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MVG’s Spurlock enjoying big senior season

Ethan Spurlock entered his senior season as one of Southwest Oklahoma's most productive players over a four-year period. In three years playing on offense, he's on pace to average 2,000 rushing yards per season. A four-year starter on defense, he had 505 tackles and 14 forced fumbles at linebacker through last week. 

The Tigers have always leaned on Spurlock. This year, with a roster depleted by injuries and one key move-out, they expected him to do even more. 

"In effect, we're starting four or five guys who have freshman-level experience," said Mountain View coach Brad Spurlock, Ethan's dad. "We've needed him to be our leader." 

Ethan has been up to the task. He has accounted for 81 percent of Mountain View's rushing yards (1,283 of 1,598 total). He made 80 total tackles the first three games and has 144 through seven. 

Physically, he's feeling the effects. 

"I like it. It gives me a challenge... But Saturdays after the games, I get tired. It's hard to walk. I usually sit around and drink some milk, try to watch the college football games sit around the house. I try to relax," Ethan said.

The Tigers (3-4, 1-3) are in a must-win situation for their last three games if they want to reach the playoffs, beginning with tonight's game at second-place Tipton. Spurlock's number will be called, as usual, over and over. It hasn't always been easy, but that's OK, his dad says. 

"I think it's been a good experience for him," Brad said. "I think he's grown. He's had to take some adversity, take on a leadership role and do it in a right way. He was more vocal last year when we had a lot of seniors, but this year (with inexperienced players) he's been more of a pat-on-the-back type leader."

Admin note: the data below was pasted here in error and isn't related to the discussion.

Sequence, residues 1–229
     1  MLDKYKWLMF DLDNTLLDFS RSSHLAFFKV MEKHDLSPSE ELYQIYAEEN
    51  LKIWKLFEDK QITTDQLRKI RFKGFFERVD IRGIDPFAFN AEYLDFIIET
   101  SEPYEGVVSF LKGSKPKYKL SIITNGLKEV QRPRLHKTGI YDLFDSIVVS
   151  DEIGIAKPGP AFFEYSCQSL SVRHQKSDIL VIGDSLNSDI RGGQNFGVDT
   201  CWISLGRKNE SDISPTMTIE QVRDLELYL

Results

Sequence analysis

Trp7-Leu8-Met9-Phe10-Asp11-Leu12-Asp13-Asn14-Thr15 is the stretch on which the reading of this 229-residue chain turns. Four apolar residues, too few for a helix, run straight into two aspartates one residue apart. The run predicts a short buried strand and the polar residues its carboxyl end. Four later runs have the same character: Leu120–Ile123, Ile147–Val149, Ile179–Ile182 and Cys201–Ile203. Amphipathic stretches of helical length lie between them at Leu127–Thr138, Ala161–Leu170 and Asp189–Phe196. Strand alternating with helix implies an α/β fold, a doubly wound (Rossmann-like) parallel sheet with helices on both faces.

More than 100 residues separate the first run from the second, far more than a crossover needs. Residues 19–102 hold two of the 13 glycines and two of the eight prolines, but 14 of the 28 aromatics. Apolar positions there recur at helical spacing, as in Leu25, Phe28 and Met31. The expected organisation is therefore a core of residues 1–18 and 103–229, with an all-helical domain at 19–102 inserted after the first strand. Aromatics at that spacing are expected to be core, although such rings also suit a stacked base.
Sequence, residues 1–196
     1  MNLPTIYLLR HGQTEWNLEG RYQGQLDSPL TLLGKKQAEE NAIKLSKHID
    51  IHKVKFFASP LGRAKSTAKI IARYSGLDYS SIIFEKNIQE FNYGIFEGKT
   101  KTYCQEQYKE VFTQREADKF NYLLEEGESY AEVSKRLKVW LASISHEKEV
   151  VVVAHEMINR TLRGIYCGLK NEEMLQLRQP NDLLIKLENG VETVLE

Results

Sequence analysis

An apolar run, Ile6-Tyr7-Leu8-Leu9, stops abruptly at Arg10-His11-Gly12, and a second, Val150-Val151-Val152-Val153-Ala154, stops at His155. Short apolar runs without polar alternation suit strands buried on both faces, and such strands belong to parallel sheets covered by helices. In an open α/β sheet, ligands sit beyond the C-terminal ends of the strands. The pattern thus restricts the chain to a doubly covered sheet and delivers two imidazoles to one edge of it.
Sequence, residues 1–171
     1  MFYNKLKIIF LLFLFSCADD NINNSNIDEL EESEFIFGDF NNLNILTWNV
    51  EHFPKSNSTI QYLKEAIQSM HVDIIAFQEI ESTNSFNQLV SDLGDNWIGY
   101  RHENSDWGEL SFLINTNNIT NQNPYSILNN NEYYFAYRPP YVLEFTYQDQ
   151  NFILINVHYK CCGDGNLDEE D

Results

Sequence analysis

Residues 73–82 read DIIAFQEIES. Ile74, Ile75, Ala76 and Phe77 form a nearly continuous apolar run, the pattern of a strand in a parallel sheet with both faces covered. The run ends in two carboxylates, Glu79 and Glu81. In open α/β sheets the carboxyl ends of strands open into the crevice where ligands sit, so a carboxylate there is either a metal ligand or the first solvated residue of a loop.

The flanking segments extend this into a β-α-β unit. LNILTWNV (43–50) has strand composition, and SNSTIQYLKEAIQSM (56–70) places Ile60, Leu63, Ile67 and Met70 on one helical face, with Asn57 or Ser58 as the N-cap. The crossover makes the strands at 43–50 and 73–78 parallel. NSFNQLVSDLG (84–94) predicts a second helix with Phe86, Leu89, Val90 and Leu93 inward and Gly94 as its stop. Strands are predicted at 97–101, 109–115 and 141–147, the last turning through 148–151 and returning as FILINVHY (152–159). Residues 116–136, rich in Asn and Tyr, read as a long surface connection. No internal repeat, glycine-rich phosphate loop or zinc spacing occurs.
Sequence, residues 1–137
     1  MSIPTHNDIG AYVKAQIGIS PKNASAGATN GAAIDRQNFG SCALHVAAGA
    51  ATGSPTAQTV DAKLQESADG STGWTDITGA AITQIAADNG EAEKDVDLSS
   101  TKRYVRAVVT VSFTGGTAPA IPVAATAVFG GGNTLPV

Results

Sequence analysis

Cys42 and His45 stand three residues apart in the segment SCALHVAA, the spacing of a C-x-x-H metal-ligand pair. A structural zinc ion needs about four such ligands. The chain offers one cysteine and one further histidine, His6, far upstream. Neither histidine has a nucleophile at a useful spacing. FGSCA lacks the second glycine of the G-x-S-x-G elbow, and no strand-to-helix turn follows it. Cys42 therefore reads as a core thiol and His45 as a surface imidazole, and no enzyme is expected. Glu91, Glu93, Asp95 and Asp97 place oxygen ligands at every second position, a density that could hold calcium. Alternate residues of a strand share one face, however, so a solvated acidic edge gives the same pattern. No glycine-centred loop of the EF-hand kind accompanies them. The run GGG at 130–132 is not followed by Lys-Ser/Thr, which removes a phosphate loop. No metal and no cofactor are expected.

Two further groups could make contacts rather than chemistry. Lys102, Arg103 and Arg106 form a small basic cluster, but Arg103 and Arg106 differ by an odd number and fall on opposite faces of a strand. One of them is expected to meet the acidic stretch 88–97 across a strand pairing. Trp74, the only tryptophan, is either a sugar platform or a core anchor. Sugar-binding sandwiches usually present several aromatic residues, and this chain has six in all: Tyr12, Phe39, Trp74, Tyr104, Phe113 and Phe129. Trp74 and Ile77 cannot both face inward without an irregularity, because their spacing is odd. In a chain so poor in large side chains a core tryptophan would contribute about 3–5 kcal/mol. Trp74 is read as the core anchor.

Ethan acts out the type of leadership he saw first-hand while growing up, when he turned sidelines into playgrounds. The Spurlocks have always been a football family. Brad spent 12 years at Temple, eight as head coach, and led the school to five state semifinals and one state runner-up finish. 

"I always thought for sure I'd graduate from Temple," Ethan said. 

But before his freshman year the Spurlocks left Cotton County for Seiling, in northwest Oklahoma, where Brad received the head coaching job. Seiling was in Class B, larger than Temple. Its district was regarded as the best in eight-man football, including powers Laverne and Pond Creek-Hunter. 

"That move, in particular, it made me the athlete I am. There were so many more athletes. Having to go up there and work harder to get to play, it made me better in every sport," said Ethan, who earned a starting job after Week 2 that year. 

Brad got a job at Mountain View the following season. Ethan and his older brother Alex, who shined as an offensive and defensive lineman his junior and senior seasons, contributed immediately. The Tigers, after just twice making the playoffs the past 19 years, made two straight appearances. 

Whether the Tigers make it a third or not, Ethan's eyes will stay focused on football. At 6-foot-3, 190 pounds he has been contacted by several small colleges and one lower-tier Division I school, North Texas. Oklahoma State has reached out with interest of using him as a walk-on. 

"I'm trying to go somewhere," he said. "If I've got the opportunity, I'm gonna take it." 

The Lawton Constitution

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